Flight Path Poet Slams Airport's Centenary Celebration

8th December 2003
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release

News Release

Embargo: 5pm, Monday 8th December 2003

Photo Opportunity

Immediately after the airport’s Cathedral service (we expect 5pm), Manchester Friends of the Earth volunteers will stage a funeral for the victims of flight at the entrance to the building, with a requiem.

On Monday 8th December outside Manchester Cathedral at the end of Manchester Airport’s celebratory service marking the centenary of powered flight (starting at 4pm, expected to end at 5pm) [1], Manchester Friends of the Earth [2] and poet Michael Gibson will stage a funeral for the victims of flight. The campaigners will be highlighting the harmful effects of aviation including noise, climate change emissions and loss of biodiversity.

Michael will recite and sing his work, which was written in response to the plans for Manchester Airport’s second runway. Manchester FoE will give out an ‘alternative history of flight’, stressing the importance of containing the growth of the industry.

100 years since the Wright brothers’ first powered flight on 17th December 1903:

  • aviation is the fastest growing consumer of energy in transport, and transport is the faster growing consumer of energy in every economic sector;
  • in effect, aviation accounts for 14% of UK carbon dioxide emissions;
  • less than 5% of people in the world have ever flown;
  • aviation accounts for only 1.4% of UK GDP.

In 30 years time, if current growth rates in the UK are provided for, we would need the equivalent of a new Heathrow every 5 years and aviation would, in effect, account for 36% of UK carbon dioxide emissions. Given policy commitments to reduce climate change emissions overall it could be as high as 60% of the total. In 1999, travel and tourism in the Maldives directly and indirectly accounted for 85.7% of GDP yet it is one of the low-lying islands extremely vulnerable to sea-level rise.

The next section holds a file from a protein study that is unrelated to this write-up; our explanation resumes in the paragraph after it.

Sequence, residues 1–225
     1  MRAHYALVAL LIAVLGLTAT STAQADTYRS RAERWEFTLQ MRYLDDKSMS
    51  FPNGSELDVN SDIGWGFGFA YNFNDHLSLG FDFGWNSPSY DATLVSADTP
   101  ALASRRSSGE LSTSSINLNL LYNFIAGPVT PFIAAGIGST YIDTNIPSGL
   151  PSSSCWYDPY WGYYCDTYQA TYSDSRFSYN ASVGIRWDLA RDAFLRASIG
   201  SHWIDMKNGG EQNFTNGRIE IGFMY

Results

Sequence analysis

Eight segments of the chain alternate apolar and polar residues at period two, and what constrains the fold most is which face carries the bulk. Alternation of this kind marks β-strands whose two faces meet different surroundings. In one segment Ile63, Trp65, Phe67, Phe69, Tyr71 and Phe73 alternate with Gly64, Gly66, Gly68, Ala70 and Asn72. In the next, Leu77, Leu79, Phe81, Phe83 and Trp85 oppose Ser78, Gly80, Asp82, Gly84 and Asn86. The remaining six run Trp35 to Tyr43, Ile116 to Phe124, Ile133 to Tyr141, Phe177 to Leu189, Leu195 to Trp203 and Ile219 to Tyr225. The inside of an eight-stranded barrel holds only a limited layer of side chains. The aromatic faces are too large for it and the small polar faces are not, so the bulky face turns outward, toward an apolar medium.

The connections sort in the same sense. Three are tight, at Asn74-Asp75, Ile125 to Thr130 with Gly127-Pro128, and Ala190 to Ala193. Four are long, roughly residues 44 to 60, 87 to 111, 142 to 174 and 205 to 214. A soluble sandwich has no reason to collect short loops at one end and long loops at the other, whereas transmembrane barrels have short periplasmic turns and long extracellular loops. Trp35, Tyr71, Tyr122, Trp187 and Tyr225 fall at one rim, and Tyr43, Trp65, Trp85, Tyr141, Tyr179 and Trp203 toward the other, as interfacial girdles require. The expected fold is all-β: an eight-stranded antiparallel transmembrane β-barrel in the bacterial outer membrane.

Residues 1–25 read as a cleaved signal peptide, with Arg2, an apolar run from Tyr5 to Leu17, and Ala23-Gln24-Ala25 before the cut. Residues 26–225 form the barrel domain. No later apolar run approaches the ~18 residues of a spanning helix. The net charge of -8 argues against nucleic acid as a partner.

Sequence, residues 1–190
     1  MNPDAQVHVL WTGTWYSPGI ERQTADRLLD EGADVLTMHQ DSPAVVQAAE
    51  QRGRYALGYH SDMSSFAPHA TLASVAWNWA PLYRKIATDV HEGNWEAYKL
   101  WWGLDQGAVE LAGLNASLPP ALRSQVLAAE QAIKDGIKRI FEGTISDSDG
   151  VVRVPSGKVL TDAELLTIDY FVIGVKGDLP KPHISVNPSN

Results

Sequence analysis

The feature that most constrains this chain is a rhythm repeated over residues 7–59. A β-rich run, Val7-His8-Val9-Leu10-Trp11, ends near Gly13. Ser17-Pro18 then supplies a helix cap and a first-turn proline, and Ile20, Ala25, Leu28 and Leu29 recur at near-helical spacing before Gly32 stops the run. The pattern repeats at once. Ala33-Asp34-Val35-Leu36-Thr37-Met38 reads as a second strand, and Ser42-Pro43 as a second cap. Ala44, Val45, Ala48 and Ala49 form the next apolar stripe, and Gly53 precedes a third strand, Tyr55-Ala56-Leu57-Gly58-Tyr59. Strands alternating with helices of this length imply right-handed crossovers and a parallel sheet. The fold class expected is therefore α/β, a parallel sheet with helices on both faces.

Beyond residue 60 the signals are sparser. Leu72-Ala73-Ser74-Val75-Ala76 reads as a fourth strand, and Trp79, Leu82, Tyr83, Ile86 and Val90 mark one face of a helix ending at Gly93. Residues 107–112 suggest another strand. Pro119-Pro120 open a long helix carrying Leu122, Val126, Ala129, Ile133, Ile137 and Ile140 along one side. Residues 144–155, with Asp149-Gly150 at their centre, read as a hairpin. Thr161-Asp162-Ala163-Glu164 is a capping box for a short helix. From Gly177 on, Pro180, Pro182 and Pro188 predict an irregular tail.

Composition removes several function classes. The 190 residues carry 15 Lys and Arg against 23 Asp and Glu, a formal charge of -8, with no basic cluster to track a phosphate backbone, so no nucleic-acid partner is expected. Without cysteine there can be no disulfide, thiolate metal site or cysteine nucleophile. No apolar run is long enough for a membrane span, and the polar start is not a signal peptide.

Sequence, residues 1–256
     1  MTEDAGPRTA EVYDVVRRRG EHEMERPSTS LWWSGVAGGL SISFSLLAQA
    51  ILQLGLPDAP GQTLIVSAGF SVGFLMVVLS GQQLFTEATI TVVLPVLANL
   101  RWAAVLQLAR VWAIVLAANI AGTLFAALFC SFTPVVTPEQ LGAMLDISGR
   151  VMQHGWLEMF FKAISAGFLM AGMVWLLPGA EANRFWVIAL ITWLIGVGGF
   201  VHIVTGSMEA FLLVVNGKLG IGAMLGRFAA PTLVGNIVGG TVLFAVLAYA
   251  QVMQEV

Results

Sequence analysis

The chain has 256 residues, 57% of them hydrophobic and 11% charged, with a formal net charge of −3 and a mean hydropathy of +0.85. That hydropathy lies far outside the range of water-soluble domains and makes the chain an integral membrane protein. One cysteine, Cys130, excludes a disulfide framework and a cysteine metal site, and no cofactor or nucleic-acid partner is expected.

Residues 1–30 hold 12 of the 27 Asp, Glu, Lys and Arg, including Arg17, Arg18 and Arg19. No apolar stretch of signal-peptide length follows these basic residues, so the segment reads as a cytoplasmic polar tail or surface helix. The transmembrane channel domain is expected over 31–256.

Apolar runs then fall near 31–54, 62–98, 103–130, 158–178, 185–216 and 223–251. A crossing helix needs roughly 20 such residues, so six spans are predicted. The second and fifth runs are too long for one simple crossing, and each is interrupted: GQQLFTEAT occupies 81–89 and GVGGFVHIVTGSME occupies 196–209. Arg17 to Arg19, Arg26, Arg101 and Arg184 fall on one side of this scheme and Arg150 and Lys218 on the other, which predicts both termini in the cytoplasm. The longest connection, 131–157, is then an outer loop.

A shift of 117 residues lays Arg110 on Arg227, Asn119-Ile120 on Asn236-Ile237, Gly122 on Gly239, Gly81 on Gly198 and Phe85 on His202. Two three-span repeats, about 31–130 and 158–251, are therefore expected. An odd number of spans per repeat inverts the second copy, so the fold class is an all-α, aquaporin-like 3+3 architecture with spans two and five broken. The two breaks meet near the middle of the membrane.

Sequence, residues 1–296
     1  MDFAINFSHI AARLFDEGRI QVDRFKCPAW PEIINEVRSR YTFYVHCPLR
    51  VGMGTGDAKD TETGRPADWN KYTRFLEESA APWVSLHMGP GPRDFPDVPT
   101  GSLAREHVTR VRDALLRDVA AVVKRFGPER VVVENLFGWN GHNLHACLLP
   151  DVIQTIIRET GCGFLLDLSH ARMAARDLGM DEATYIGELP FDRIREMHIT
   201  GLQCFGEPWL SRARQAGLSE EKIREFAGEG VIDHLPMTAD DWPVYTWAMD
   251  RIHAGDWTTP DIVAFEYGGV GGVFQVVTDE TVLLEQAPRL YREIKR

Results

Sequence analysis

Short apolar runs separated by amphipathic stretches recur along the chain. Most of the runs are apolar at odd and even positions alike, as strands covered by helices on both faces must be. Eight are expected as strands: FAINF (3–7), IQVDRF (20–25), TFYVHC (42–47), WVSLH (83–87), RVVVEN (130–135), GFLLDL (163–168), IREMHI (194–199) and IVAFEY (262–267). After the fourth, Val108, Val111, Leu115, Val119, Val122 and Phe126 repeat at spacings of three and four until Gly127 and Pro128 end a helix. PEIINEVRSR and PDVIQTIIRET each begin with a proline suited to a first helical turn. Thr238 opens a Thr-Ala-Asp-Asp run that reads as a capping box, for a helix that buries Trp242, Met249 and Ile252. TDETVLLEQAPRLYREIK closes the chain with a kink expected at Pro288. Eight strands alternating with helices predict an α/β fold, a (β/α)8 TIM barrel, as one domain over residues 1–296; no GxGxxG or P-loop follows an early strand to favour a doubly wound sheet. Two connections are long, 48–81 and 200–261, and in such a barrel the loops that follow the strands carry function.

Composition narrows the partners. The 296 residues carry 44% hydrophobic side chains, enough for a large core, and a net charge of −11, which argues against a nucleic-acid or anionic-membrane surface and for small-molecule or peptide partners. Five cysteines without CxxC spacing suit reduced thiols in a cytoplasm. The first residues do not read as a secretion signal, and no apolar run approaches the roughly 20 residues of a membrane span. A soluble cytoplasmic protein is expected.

Michael Gibson speaks from his own experiences: ‘Manchester Airport is a monster we must control. I lived ten blighted years in Mobberley under the flight path. At the public enquiry into the second runway I was a Major Participant. A book of poetry was part of my evidence against the applications. I recited and sang to the inspector. I shall do the same for you today.’

Kerstin Moritz, aviation campaigner with Manchester FoE said: ‘Manchester Airport is welcome to celebrate the centenary of powered flight. But it would be wrong not to remember the environmental and social destruction that airports and planes have caused. That’s why we are holding a funeral for the victims of aviation.’

More information about our aviation campaign is at www.manchesterfoe.org.uk/planetruth

ENDS

Notes to Editors

[1] Their press release is at: http://www.manchesterairport.co.uk/content.nsf/NewsLookUp/ B42D0C92F1F9CBA480256DEC0059D5B4!OpenDocument

[2] Manchester Friends of the Earth is a prominent pressure group, raising awareness and lobbying for policy changes at a local, regional, national and international level. The group consists entirely of volunteers, and its campaigns are funded by membership fees and individual donations. Up-to-date information is available on their website: https://www.manchesterfoe.org.uk. Manchester Friends of the Earth is part of a national network of local groups, affiliated to the national organisation (further information can be found at http://www.foe.co.uk).

[3] Information from Upham, Maughan, Raper and Thomas (2003) ‘Towards Sustainable Aviation’, published by Earthscan.